U.S. & Turkey relationship sparks discussion at SUNY Cortland
Cortland, NY (WBNG Binghamton) With troubling current events in the Middle East, some scholars think Turkey may play a role in the region’s future stability.
Wednesday night, SUNY Cortland’s Clark Center for International Education hosted Executive Director of the Institute for Turkish Studies at Georgetown University, Sinan Ciddi.
He discussed with students and faculty the idea of whether Turkey should be a long term ally when fighting off the Islamic State of Iraq and Syria (ISIS).
“The U.S. has to tread carefully in its composition policy in combating ISIS,” Ciddi said. “Specifically, with the help and cooperation of Turkey-- simply because the Turkish government and Turkish regime is embroiled in its own battle of political survival.”
But why should students care about the relationship between Turkey and the U.S.?
“Hearing from someone who actually knows what he’s talking about, rather than talking heads, is really important,” freshman student Zachary Curtis said. “We're all citizens, we're all going to vote-- so being a little more informed about issues coming up, especially with the presidential election, I think is hugely important.”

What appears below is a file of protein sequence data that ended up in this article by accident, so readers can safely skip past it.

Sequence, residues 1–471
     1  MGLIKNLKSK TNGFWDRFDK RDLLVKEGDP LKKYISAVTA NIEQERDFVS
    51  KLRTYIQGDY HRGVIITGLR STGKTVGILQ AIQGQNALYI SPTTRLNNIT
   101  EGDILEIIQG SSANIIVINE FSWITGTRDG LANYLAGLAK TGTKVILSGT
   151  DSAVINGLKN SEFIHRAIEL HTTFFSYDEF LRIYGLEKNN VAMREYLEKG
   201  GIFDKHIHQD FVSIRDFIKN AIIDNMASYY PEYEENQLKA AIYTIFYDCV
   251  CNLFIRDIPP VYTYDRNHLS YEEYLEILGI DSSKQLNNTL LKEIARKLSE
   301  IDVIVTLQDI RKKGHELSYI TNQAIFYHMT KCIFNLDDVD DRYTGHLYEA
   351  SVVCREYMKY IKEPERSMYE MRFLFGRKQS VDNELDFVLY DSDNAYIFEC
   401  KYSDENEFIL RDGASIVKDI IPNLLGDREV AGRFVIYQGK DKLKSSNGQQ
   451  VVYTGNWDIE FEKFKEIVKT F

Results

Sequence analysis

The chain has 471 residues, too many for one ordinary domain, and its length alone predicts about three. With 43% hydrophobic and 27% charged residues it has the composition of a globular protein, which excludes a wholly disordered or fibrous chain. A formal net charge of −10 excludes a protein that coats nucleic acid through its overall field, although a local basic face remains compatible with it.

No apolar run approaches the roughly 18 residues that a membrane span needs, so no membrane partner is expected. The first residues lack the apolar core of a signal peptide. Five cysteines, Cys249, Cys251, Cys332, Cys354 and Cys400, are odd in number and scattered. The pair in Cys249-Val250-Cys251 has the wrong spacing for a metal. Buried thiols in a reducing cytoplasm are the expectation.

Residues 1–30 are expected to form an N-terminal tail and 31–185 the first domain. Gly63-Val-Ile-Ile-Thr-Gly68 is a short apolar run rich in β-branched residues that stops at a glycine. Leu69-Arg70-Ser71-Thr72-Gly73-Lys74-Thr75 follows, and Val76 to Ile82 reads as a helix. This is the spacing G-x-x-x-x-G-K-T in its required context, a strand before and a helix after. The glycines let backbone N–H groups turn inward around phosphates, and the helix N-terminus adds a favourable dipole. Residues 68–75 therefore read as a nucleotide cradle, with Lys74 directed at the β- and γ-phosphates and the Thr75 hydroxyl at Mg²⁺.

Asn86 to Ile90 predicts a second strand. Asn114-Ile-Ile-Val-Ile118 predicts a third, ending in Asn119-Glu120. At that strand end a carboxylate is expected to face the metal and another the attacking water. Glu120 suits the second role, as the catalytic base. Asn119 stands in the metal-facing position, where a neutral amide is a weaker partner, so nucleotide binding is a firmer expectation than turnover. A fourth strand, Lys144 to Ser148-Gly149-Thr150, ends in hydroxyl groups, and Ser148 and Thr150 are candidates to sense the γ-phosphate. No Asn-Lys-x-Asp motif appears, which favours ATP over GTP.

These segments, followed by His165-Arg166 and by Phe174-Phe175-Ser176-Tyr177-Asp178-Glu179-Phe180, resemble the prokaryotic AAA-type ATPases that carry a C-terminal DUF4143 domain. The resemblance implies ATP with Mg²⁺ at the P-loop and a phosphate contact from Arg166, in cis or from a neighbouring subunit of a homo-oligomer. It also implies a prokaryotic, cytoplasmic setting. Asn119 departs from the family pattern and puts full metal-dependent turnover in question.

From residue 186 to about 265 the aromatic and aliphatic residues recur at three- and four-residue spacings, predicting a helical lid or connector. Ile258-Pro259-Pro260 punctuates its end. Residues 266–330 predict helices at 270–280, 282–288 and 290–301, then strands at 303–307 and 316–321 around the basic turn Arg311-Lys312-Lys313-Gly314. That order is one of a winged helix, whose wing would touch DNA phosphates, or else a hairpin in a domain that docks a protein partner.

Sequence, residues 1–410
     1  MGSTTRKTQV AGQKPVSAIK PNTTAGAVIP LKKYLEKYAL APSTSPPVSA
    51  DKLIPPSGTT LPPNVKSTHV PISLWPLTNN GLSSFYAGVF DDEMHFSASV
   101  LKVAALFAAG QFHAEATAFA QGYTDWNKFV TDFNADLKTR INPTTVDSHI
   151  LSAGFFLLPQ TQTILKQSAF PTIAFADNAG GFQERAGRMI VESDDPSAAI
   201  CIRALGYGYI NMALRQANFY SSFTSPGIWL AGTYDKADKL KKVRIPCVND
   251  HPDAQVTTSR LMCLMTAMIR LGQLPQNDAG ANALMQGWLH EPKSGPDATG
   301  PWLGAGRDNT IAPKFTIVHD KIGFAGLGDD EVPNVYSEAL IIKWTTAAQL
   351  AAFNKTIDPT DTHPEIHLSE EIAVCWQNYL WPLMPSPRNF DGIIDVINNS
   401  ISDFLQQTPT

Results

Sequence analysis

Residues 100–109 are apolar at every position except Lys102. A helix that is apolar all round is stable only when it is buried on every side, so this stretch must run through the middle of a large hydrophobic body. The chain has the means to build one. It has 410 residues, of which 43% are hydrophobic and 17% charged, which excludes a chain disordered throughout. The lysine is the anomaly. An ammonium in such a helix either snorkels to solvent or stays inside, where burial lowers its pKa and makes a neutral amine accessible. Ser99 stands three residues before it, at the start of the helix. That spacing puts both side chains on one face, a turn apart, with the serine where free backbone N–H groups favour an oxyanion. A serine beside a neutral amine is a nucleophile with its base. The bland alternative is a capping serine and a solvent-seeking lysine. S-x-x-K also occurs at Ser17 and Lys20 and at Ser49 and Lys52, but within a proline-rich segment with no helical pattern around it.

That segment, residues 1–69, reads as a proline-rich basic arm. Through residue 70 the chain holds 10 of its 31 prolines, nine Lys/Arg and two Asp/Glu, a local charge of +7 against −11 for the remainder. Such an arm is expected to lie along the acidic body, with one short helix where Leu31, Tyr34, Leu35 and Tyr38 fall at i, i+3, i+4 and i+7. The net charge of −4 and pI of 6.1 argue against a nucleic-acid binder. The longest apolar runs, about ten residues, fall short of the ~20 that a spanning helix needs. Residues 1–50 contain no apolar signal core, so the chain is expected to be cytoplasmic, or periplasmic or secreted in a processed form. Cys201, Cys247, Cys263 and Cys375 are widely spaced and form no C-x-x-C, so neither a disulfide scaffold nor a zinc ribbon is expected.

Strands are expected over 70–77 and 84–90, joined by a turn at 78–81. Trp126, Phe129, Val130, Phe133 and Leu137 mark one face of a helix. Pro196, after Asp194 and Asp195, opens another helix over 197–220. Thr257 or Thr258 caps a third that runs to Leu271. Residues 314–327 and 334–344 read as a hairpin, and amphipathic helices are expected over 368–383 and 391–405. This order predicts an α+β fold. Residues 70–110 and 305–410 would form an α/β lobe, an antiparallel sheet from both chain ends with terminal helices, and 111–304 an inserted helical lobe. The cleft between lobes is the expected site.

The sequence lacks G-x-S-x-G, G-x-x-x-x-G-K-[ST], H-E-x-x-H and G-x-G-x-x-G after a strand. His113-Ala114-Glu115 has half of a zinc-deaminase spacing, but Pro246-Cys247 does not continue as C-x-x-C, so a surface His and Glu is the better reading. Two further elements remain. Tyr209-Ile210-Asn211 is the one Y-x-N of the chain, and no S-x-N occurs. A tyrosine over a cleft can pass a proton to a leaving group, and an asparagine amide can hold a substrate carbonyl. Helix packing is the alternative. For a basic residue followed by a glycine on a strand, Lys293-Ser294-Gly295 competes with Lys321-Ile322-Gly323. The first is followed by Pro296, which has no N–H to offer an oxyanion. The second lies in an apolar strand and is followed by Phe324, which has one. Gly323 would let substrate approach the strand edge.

More than 50 people came out to hear Ciddi speak, and event planners think it’s the topic that grabbed student’s attention.
“This is an event that gets a lot of students with ISIS in the title, since it's so big in the news right now,” senior student and editor of the International Newsletter at SUNY Cortland John Kriegelsteis said.
While some said they believe the fear of ISIS has died down, Ciddi said the terrorist group isn't going away anytime soon-- a push for people to gain knowledge on the topic.
"I think the prevalence of the Islamic State is going to be around for a while,” Ciddi said. “Unless decisive action is taken, it will proliferate.”
Ciddi also said spreading awareness to young people about the relationship between the U.S. and Turkey is something that will help them out in the long run.
“I think it's good, on campuses like this, if awareness is raised. If we can make students as aware as possible, and as interested as possible-- because it will one day affect the way they travel, it'll affect the way they get jobs, it'll affect the stability of the economy in this country, as well as European countries,” Ciddi said.
SUNY Cortland has several exchange programs with Turkish universities.